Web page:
Symptomatic Iliocaval and Extensive Left Lower Extremity DVT in COVID-19 Patient: A Case Report
Clinton Timmerman, OMS-IV, Arthelma C. Tyson, MD
AtlantiCare Regional Medical Center, Atlantic City, NJ
DEMOGRAPHICS: 60-year-old Caucasian female with medical history of controlled hypertension
HISTORY: A 60-year-old female presented to the emergency department with progressive left lower extremity swelling. Her presentation followed 3 weeks of bedrest in self-quarantine due to symptoms of fevers and mild cough. Imaging demonstrated occlusive left iliac vein thrombus with extension into the IVC. Chest X-ray demonstrated bilateral pulmonary infiltrates. Laboratory testing confirmed COVID-19 positivity.
PLAN: She underwent retrievable IVC filter placement and overnight thrombolysis of the left iliac vein to IVC. On second-day intervention, she underwent thrombectomy and intravascular ultrasound (IVUS). Extrinsic left common iliac vein compression was identified, consistent with May-Thurner Syndrome. Her left common iliac vein was stented with no residual stenosis. Her swelling resolved. After 3 months of anticoagulation, she received a venogram and IVUS. IVUS demonstrated recurrent stenosis of the external iliac vein along with chronic nonocclusive thrombus and perivenous fibrosis. The external iliac vein was stented with good transition into the common iliac vein stent, and her IVC filter was retrieved.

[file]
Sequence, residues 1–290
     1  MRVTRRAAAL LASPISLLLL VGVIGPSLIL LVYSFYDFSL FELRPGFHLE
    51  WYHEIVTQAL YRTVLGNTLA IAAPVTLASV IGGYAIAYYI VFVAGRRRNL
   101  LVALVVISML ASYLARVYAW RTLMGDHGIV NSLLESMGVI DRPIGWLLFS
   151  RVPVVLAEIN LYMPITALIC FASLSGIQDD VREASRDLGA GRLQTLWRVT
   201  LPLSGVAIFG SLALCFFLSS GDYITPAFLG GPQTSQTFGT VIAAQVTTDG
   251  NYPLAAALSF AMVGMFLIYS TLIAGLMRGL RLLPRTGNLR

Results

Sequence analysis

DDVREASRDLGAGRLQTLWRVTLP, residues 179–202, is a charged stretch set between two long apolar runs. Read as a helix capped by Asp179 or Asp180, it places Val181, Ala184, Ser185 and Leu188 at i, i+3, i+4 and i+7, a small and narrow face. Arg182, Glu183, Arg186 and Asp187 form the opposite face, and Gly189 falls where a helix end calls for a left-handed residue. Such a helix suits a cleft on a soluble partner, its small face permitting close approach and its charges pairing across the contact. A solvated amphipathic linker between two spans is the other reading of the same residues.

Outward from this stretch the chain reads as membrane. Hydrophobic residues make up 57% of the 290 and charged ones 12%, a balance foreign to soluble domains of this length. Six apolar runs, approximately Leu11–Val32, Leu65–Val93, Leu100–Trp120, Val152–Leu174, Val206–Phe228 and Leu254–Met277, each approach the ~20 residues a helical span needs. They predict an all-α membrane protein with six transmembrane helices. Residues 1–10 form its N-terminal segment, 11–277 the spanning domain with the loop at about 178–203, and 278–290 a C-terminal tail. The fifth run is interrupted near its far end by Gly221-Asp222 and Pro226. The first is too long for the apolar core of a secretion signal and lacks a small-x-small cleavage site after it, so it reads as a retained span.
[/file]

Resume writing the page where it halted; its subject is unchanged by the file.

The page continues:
DISCUSSION: This patient's COVID symptoms were mild, including dry cough and fevers. Nonetheless, she presented with significant thrombus. This was likely secondary to COVID-related hypercoagulability and decreased activity in the setting of outflow stenosis. Her left lower extremity symptoms fully resolved, and she has recovered from COVID infection. DVT risk factors include Virchow's Triad of stasis, hypercoagulability, and endothelial injury. The COVID-19 pandemic directly or indirectly contributes to these three factors, thereby increasing thrombosis risk. Data suggest increased hypercoagulability in patients with COVID-19 infection. Theories include but are not limited to cytokine storm and endothelial injury. Interestingly, increased thrombosis risk in COVID-19 patients occurs independent of the severity of systemic illness. The COVID-19 pandemic has posed innumerable challenges to the healthcare system. Additional studies and reports are required for further understanding of the multisystem effects of COVID-19 and its impact on the vascular system
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